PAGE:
Time to buy in ‘Quantum Valley’? Upstate New York home prices are set to skyrocket as Big Tech moves in – New York Post

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Will the San Francisco Bay Area tech hub known as Silicon Valley soon be eclipsed by the Hudson Valley?

The sleepy, bucolic area north of New York City, known for its farmhouses, rural ambiance, and spectacular views of the Hudson River, is poised to become the next big tech area if Nvidia co-founder Curtis Priem has his way.

“We’ve renamed Hudson Valley as Quantum Valley,” the multimillionaire told the Wall Street Journal. “It’s up to New York whether they want to become Silicon State—not just a valley.”

While the co-founder of one of the world’s largest microchip companies cashed out long before the market cap topped $2 trillion, he’s not hurting for money. He is reportedly donating $75 million to his alma mater, Rensselaer Polytechnic Institute in Troy, slightly north of Albany, so the school can buy an IBM-made quantum computing system. It would be the first of its kind on any campus in the world.

Priem told the Journal he hopes this gift will make the Hudson Valley the epicenter of quantum computing research, attracting the kind of talent that started billion-dollar disruptors such as Google, Microsoft, and Apple.

Curtis Priem, co-founder of NVIDIA and RPI Board of Trustees vice chair talks with reporters about the IBM Quantum System One. AP

Quantum Valley’s potential impact on housing

What would that kind of tech injection do for home prices in the area? Currently in Troy, the median list price comes in at $250,000. That seems very reasonable compared with venture capital hub Menlo Park, where the median list price is a staggering $3.1 million.

“We have seen big job expansion announcements from companies lead to shifts in the housing market,” says Realtor.com Chief Economist Danielle Hale. “Following Amazon’s announcement of a second headquarters in Arlington, VA, in 2018, for example, Realtor.com found home prices increased more for sales in closer proximity to the planned HQ, and there were also more home sales closer to the site in the year after the announcement.”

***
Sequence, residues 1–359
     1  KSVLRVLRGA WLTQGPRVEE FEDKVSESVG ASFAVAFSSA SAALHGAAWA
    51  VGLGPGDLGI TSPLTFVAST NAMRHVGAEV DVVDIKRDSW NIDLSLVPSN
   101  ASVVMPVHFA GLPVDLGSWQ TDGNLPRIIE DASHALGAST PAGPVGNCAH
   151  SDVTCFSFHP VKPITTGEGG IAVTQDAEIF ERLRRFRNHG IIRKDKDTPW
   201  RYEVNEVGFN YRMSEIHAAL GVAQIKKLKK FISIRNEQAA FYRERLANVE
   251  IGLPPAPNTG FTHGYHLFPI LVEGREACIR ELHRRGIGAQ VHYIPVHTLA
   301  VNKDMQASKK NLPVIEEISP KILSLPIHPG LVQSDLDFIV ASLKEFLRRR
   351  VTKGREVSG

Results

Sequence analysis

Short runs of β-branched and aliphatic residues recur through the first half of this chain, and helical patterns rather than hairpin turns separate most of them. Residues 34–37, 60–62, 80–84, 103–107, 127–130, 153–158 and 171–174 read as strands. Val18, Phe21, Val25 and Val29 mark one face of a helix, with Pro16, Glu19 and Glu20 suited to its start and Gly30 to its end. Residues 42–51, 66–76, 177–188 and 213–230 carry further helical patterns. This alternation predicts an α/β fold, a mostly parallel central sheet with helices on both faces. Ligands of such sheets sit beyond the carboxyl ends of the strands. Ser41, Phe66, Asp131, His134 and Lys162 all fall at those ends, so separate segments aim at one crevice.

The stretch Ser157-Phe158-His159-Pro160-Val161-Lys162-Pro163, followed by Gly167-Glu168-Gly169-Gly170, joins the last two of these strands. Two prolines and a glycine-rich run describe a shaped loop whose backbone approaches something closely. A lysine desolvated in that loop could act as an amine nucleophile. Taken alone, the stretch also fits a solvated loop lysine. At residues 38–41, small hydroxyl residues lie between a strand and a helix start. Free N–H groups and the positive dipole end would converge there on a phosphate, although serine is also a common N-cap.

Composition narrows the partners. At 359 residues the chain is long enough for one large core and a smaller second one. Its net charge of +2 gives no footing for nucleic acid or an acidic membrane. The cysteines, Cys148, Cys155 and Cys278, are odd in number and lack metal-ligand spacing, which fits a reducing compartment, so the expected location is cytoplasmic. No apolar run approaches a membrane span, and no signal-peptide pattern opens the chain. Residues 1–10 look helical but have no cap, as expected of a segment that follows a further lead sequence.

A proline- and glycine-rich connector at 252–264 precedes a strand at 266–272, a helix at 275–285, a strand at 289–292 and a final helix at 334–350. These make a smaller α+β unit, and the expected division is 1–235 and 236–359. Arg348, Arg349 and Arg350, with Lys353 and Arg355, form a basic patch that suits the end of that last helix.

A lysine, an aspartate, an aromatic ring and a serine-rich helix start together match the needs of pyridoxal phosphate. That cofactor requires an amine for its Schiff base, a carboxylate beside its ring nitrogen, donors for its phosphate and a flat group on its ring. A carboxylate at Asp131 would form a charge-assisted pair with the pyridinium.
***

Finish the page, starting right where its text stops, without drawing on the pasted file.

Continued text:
Local agent Shane Cahill, owner of Ventura Realty Property, agrees.

Hudson Valley is poised to become the next big tech area. Elisa – stock.adobe.com

“At first, prices may rise as demand outpaces supply, but ultimately, developers will increase supply if that is the case,” he says. “We’ve seen similar success up in Malta, NY, about 40 minutes north, with the microchip factories. That development took place mostly on vacant land. A similar revival within a city itself, instead of farmland, would certainly be interesting to witness and be a part of. Troy would be a great fit.”

Cahill notes there are a lot of well-built structures still standing in Troy that were part of the manufacturing boom in the early 20th century that could be repurposed for condos. There is also a lot of vacant land around Troy, something getting increasingly more difficult to find in large metropolises.

Local real estate agent Harriet Norris, of Douglas Elliman, agrees that values in the area might not stay affordable for long.

Homes in the area may not stay affordable for long. CE Photography – stock.adobe.com

“Property values in the area would certainly rise with the need for more housing and commercial space,” she says. “And good jobs in this new technology sector would bring growth and expansion to all sectors of the economy in Hudson Valley and upstate region. I think it’s good news all around.”

Cahill notes that the area has plenty of technology and engineering students because of the two local colleges, RPI and Union. But those students normally take their brain power elsewhere—to New York City, Boston, or Silicon Valley—once they graduate.

“If we could keep the talent here because these new computers are housed here in Troy, there is plenty of room for housing,” he says.

Boutiques and independent stores populate downtown Cold Spring, New York. kirkikis – stock.adobe.com

While Troy could use the boost in prices, the surrounding metro area is already on the upswing.

“If a high-tech corridor develops and companies create more high-paying jobs in the region, it could push home prices higher,” says Hale. “Already, relative affordability in the Albany-Schenectedy-Troy metro area, where the median home listing is priced at $449,900, according to Realtor.com, just above the national median of $430,000, makes the area attractive. The typical home listing price has risen 10.3% from one year ago in the area while Realtor.com reported that nationwide home prices were flat in April 2024.”

The upsides of the area include lots of leafy green preservations, a short commute to the capital city of Albany, many local highways, an international airport, and proximity not only to New York City but also to Vermont, New Hampshire, and Massachusetts.

The downsides? You’d have to drive a half-hour to reach the Metro-North commuter railroad, the winters are harsh, and Albany isn’t exactly known for being hip or exciting.

But that could all change with a newly minted billionaire or three. So if you’ve been eyeing a move upstate to the Hudson Valley, it might be time to get a move on before this area sees Silicon Valley prices.

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